There once was a salesperson, Adam, who used his outcome-focused personality to successfully create a contract with Client C, his company’s largest client. When Beth, a bright, sociable and talented new sales colleague arrived on the scene and also went to meet Client C to sell a new product, Adam felt threatened and went into stress-driven behavior. Adam bad-mouthed Beth to the client and sent an email to their boss, Dan, inferring that Beth had approached the client unethically. Fortunately, Dan was an experienced leader with extensive interpersonal communication training and was skillful at recognizing behaviors in himself and others. It occurred to Dan that there might be something underlying Adam’s back-stabbing behavior, and Dan suspected that it was something Adam wasn’t able to legitimately ask for, like exclusive sales rights to Client C. If you were in Dan’s shoes as the leader, what would you do?Well, you might take a tour of the ACCJ Workshop series, where answers about leadership can be found amongst a bucket of takeaways. Indeed many ACCJ members see the workshop series as a key benefit of ACCJ membership, and send their employees for training through these. This article will give you a taste of some of the workshops this past year.
Elizabeth Handover’s Lumina Learning workshop trains managers to know themselves, better understand those they work with, and how to adapt to the needs of different interpersonal situations such as the difficult one with Dan and Adam above. The Lumina Spark Portrait analyzes individual preferences with depth and detail, including behaviors as they show up in three different contexts, “underlying”, “everyday” and “overextended.” Adam is an example of a highly capable person who in his everyday work life is purposeful, competitive and tough, but when under pressure becomes overextended. His assertive tendencies flip into aggressive approaches that get in the way of being fair and collaborative. Under stress, he can go from being “competitive” to “winning at all costs”; from “taking charge” to “controlling others”; and from being “purposeful to being “goalfixated.”
Dacher Keltner’s research at UC Berkeley explores what happens to the “Adams” of the world who are willing to deceive, backstab, intimidate, and undermine others in their pursuit of power. Keltner’s research found that these individuals do not actually rise to positions of power. Instead, their peers quickly recognize that they will harm others in the pursuit of their own self-interest, and tag them with a reputation of being harmful to the group and not worthy of leadership.
By the way, the actual result of the story above with Adam and Dan was that Dan brought the subject up by asking Adam, “What is the outcome you were actually seeking here?” with the goal of replacing Adam’s behind-the-back behavior with transparency. Dan then proceeded to lay out what Adam could and could not legitimately do. Dan then went the extra step to remind the sales team of their code of conduct, philosophy, and his expectations of them.
Elizabeth Handover, the founder and President of Intrapersona K.K. and the Asia Partner for Lumina Learning, is a highly experienced workshop leader and facilitator. Strongly committed to developing positive people-focused leadership skills she has designed and facilitated many interactive programs to meet the particular challenges that Japan based organizations face in the fast changing global business environment. Elizabeth delivers a wide range of learning solutions including Leadership Presence, Presentation Skills, Diversity and Talent Development.
Yoshi Matsui’s workshop drew on two cutting edge leadership assessments: (a) TriMetrix psychometrics and (b) the Zenger-Folkman online leadership assessment. These online assessments allowed participants to identify their leadership strengths and areas to develop towards taking their leadership to the next level, and serves in Yoshi’s Ph.D. research comparing Japanese and Western leaders.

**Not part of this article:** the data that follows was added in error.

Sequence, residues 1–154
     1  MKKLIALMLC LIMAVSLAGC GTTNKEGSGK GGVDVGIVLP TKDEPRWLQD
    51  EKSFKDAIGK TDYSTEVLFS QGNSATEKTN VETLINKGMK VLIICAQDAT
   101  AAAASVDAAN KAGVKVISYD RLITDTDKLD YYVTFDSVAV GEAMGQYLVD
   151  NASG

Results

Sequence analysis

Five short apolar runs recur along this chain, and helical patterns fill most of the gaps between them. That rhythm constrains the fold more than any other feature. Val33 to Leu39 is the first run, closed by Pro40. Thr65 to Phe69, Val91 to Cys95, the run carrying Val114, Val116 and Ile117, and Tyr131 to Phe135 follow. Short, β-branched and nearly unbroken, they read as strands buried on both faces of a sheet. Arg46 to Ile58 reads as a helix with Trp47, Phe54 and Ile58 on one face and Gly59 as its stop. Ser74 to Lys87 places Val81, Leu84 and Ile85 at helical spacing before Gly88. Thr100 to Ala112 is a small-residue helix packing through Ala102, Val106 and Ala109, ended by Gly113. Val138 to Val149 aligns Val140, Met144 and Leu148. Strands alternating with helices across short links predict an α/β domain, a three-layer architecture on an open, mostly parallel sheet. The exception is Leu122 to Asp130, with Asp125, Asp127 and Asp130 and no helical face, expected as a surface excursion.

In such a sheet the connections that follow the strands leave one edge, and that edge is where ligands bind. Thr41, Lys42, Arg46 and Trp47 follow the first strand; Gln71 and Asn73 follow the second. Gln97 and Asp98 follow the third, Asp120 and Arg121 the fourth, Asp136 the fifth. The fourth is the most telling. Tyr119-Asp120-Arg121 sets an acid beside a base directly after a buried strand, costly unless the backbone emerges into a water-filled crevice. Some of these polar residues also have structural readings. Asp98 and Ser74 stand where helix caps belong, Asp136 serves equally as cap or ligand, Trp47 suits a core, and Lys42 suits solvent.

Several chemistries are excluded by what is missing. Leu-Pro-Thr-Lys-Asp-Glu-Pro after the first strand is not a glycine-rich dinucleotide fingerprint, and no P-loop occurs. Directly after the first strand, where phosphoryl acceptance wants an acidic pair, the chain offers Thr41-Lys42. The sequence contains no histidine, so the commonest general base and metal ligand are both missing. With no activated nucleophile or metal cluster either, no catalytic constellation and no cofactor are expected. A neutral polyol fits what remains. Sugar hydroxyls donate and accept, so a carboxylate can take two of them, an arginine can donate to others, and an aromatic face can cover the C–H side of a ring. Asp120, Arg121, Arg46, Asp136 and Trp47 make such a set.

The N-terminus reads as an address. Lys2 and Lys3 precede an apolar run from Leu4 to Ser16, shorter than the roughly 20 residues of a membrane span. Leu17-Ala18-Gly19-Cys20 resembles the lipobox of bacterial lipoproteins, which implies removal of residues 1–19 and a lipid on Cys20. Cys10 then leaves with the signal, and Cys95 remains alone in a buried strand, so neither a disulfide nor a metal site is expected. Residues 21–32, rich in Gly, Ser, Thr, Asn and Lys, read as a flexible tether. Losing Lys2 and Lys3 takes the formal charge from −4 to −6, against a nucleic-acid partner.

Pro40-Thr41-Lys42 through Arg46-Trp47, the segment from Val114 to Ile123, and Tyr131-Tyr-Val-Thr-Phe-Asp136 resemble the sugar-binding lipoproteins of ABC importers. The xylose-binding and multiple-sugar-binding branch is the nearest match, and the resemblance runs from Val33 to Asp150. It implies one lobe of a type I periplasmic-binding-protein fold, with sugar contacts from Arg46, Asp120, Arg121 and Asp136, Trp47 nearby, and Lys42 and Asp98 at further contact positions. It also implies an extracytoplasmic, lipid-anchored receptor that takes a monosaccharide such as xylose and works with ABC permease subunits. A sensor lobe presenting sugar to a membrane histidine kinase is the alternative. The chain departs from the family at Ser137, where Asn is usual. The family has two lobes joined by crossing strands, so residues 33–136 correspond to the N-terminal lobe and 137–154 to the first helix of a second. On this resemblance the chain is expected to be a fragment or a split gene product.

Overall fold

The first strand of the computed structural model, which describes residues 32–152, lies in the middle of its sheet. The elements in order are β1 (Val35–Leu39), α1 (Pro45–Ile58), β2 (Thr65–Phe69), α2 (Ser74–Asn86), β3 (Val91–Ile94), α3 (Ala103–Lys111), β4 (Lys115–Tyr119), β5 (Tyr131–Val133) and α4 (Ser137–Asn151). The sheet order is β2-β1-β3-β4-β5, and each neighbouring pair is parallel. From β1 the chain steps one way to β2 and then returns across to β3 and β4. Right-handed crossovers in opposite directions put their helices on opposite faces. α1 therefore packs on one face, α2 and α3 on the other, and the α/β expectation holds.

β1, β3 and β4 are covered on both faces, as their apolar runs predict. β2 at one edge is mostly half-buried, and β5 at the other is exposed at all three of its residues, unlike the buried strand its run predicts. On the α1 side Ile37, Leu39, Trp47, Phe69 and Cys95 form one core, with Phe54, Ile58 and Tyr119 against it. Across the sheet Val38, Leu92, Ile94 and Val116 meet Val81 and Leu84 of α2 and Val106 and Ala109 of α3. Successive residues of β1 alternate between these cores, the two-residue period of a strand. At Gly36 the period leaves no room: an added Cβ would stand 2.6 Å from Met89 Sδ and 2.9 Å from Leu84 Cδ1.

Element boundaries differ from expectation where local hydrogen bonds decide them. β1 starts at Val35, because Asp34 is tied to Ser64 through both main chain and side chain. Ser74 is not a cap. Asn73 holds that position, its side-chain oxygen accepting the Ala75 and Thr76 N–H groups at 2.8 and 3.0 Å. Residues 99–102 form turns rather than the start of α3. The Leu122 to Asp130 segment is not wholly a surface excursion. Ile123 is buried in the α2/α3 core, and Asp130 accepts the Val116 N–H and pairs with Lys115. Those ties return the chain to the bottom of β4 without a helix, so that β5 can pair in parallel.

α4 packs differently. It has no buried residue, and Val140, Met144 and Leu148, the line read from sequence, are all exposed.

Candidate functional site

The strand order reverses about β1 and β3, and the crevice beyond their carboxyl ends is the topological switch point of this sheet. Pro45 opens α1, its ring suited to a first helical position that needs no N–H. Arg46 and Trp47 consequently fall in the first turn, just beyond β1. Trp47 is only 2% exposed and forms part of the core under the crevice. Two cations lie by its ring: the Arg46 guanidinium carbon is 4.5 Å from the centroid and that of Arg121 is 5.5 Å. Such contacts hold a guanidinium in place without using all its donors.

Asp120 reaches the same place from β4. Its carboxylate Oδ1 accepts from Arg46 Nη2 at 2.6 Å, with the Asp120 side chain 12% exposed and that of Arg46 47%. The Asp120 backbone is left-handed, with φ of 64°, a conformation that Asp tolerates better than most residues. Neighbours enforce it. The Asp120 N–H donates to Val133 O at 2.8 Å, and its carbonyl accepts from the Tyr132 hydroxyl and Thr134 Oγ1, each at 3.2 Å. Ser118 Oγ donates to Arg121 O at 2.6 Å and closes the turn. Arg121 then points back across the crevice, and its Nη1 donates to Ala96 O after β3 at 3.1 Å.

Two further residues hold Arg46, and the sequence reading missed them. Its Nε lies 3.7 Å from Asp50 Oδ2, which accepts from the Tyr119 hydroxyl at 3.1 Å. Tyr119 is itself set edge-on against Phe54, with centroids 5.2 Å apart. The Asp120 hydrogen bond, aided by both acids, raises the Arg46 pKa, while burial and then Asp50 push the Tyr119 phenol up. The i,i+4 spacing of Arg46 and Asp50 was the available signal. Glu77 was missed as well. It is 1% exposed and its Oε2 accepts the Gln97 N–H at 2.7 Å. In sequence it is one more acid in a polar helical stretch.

Yoshi shared five essential leadership skills from Jim Robin’s (2007) research: 1) Interpersonal Skills, 2) Self Management (the ability to control one’s emotions), 3) Personal Accountability (doing what you say you will do), 4) Influencing Others (using personal power, rather than the power of your position) and 5) Goal Achievement.
At the other end of the spectrum, Zenger and Folkman’s research (2002), suggests five fatal flaws for rising leaders included: 1) Inability to learn from both success and failure, 2) Lack of core interpersonal skills (such as communication, the ability to build trust and engage others), 3) Lack of openness to new or different ideas, 4) Lack of accountability, and 5) Lack of initiative.
Research on leaders (Zenger & Folkman, 2002) shows that, among the top ten per cent of leaders studied, over two thirds (66 percent) focused on both results and interpersonal skills, while only 9 percent focused only on interpersonal skills and 13 percent focused solely on results. This suggests focusing on both results and interpersonal skills simultaneously, rather than linear step-by-step development approach, is one effective way to take your leadership to the next level.
Yoshi Matsui is the president of HPO Creation, with decades of experience as a leadership and organization development facilitator. He designs and facilitates programs to meet the leadership and organizational challenges facing Japan-based organizations in the fast-paced global business environment. Matui-san has experience delivering a wide range of learning solutions, including teamwork, diversity, influencing and talent development. He also teaches and facilitates the OD course at Temple University for HR and organization leaders. Matsui-san has completed all coursework for the PhD in Organization Change at Pepperdine University, and is using these surveys in his dissertation research on leadership.
PAM NODA & YURI MORIKAWA
Delving into the area of interpersonal relations, Pam Noda and Yuri Morikawa’s workshop shares how to “Build Your Best Team Ever with Relationship Systems Coaching.” Noda and Morikawa propose that leadership happens in relationships. The best teams produce exceptional results through deliberately placing attention on the relationship that is the “Team as a Whole.” This kind of leadership, which calls for awareness and strong intention on the part of all team members, is grounded in Relationship Systems Intelligence™ (RSI). RSI involves reading the tone, or energy, in a team and deliberately working with it to create an intended atmosphere and outcome. In teams versed in RSI, the job of building a good team is more than the role of the team’s designated leader: it is a collective effort among all team members. This is team leadership. An example is Nadeshiko Japan, winner of the 2011 Soccer Women’s World Cup. The team has taught us how a combination of strong individuals with strong alignment, awareness and intention among members could create a legendary victory. Each team member was sensitive to their colleagues and strove to put themselves in each other’s shoes for the betterment of the team. This kind of leadership is grounded in Relationship Systems Intelligence™ (RSI).